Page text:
When sewing curves on your sewing machine, it helps to take it slow and remember to use the needle-down feature. Sew tricky parts of the curve by gently guiding the fabric with your fingertips while lowering the presser foot after each stitch.
Keeping the needle penetrated in the fabric allows for smooth pivoting around curves.
Now stitch curved parts real slowly by hand cranking the wheel. Lower the sewing machine’s speed for curves; take your time. Use quality starch and proper pins to hold the gentle curves in place. Apply gentle pressure as you sew a curve; make multiple small adjustments.
Shorter stitches and going slow prevents puckers in the project. You’ll have a beautifully sewn curve you can press flat. With practice, curves become easier, so don’t be afraid to try ’em on your next quilted masterpiece.
Use the Needle Down Feature on the Sewing Machine
Keep the needle down when sewing curves, as this allows you to pivot fabric more easily and prevents losing your place. Shockingly, over 80% of beginner sewers report frustration with learning to sew curves.
Using the needle down feature allows you to pivot and slide fabric under the presser foot, keeping layers aligned. Simply lift the presser foot, reposition your fabric along the seam line, lower the foot, and continue stitching.
Effective pressing is also key for curves, setting the stitches before moving on.
Press It Flat
After smoothing that tricky curve with your hand, slowly lower the presser foot and feel the fabric ease under your fingertips as you gently guide it through.
- Drop that feed dog and use a needle down pivot for pinpoint turns.
- Vertical pinning prevents distortion.
- Slower turtle speed prevents rushing and pulling.
- Shorter stitch length increases accuracy.
- Press fabric firmly after sewing to flatten seams. Steam helps ease puckers.
With practice, you’ll master curves with patience and precision. Your fabric will glide smooth as silk under the presser foot, the final curves crisp and flat like glass.
Finish Sewing Your Quilt Block
You’ve curved your way through the rockiest roads of piecing, so show off your finished quilt block like the prized medal it is.
Despite the tricky sewing, you kept the fabric’s tension even and the feed dogs moving steadily thanks to the right needles. Marking those curved seams with a removable fabric marker and checking with a seam gauge or ruler ensured accuracy.
Guiding the gentle curves under the presser foot with your fingertips kept the fabric moving smoothly.
Though curved piecing takes patience, your persistence results in intricate blocks with depth and dimension. Display your finished piece proudly, knowing the care taken perfecting those curves. The end result will have others eager to try their hand at this satisfying skill.
Frequently Asked Questions (FAQs)
What sewing machine settings work best for sewing curves?
When taming curves, slow down your sewing machine to a trot. Shorten your stitch length to about 2 millimeters and gently guide the fabric with your fingertips. Maintaining a steady pace will help prevent puckers. Allow the machine to do the work; forcing it will only lead to frustration.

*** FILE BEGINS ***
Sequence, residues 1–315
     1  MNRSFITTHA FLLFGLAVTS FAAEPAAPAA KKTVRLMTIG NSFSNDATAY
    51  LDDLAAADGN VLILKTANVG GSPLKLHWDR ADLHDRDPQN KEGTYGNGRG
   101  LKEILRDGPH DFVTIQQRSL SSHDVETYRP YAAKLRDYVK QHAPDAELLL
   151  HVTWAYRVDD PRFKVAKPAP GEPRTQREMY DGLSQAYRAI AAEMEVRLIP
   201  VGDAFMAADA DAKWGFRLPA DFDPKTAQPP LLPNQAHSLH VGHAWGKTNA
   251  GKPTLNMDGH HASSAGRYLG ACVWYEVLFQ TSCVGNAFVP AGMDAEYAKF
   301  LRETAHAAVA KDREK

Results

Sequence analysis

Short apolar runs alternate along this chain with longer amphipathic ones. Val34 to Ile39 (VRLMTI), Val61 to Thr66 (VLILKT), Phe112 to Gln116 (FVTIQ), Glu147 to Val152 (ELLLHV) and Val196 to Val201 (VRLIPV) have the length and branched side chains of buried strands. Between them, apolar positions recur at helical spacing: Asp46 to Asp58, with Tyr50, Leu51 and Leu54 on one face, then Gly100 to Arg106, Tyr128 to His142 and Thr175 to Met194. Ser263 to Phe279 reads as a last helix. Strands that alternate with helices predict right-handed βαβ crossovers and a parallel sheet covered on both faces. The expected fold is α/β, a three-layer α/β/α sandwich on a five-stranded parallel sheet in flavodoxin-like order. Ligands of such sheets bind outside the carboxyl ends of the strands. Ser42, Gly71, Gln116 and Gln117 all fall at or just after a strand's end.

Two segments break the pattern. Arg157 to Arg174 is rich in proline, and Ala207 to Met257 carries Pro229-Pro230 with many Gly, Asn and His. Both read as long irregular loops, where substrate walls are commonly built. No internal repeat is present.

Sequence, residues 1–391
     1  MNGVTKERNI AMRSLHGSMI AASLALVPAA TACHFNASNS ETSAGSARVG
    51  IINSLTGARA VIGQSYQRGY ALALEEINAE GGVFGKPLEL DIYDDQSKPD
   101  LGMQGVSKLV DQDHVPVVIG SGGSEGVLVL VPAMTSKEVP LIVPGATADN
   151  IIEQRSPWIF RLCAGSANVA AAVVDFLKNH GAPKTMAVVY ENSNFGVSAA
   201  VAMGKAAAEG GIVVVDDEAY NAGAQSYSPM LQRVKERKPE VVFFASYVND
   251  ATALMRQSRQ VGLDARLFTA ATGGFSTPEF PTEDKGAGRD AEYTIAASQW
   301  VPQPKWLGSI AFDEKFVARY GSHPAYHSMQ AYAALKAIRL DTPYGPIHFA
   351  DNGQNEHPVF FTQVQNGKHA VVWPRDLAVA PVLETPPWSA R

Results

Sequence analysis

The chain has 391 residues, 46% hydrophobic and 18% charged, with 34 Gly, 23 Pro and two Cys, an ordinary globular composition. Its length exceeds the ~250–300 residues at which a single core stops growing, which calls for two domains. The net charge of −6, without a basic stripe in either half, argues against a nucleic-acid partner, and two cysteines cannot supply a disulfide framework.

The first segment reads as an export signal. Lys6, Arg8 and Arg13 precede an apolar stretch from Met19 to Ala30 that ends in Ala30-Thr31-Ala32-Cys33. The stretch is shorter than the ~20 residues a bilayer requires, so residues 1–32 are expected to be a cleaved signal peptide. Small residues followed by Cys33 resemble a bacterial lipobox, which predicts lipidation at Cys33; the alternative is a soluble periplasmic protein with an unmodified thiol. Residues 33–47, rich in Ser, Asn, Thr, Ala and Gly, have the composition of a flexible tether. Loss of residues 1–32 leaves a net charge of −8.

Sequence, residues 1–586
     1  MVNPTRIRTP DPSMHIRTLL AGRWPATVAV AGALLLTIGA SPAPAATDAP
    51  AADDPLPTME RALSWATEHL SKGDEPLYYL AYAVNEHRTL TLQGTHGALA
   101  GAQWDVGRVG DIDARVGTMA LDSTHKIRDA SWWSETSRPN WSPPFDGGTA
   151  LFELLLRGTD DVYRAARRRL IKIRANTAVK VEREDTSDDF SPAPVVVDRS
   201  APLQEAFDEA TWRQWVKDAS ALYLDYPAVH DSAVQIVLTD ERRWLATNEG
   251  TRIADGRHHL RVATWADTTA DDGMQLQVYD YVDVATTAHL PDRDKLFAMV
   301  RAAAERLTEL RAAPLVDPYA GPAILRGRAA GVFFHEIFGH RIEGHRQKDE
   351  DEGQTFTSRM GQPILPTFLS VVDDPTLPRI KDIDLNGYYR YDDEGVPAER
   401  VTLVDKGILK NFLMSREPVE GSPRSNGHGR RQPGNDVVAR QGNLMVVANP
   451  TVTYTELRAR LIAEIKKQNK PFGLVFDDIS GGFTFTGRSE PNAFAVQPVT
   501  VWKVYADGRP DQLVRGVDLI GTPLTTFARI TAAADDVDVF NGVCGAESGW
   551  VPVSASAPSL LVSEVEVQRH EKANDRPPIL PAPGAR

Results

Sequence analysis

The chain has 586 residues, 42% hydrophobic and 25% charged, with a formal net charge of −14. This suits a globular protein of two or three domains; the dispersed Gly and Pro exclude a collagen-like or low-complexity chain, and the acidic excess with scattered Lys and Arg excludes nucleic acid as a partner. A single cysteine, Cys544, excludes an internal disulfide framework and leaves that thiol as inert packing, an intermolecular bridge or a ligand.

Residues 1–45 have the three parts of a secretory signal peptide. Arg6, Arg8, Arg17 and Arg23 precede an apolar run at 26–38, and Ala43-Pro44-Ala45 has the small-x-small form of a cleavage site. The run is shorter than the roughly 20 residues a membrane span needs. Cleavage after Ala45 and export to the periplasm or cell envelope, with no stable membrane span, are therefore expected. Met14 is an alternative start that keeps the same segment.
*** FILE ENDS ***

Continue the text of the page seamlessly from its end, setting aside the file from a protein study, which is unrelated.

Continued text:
Trust the process. With practice, those challenging curves will become graceful bends that you can effortlessly conquer.
My curved seams puckered after sewing. How can I fix this?
Gently ease the fullness by pulling the fabric taut as you pin and resew the seam. Use a shorter stitch length to give you more control. Press well, applying steam or starch. Take your time guiding the pieces through the machine to prevent puckers. Perfecting curved piecing takes patience, so don’t get frustrated.
Are there any tools that help guide the fabric when sewing tricky curves?
Yes, using a specialized curved ruler like the Creative Grids Double Wedding Ring Templates can help guide tricky curved seams. The see-through plastic lets you trace the precise curve for fussy patches. Line up the ruler’s center markings and cut.
What’s the best way to join curves sections together smoothly?
Pin and sew the ends first when joining curves. Work the middle sections gently, easing fullness. Make small, frequent pivots. Guide the fabric with your fingertips. Take it slowly and check the fit often.
Let the feed dogs assist; don’t force layers through. Press the seams well. With practice, you’ll achieve smooth curved seams.
Is it better to sew curves with a walking foot or regular sewing machine foot?
You’ve come so far in your sewing journey. As you master these curve techniques stitch-by-stitch, it’s like climbing a mountain. The summit is within reach if you pace yourself, being mindful to appreciate the obstacles that strengthen you.
Your hands may tremble at first when sewing curves, but with practice, they’ll become steady, guided by the eye of experience. The tricky rise of convex and dip of concave will soon feel as familiar as your favorite walking path.
You know the joy that awaits at the journey’s end – your finished quilt glowing with those perfectly-sewn curves and swirls.
So take a deep breath and sew on! The how to sew curve is waiting for your hands and heart to guide it.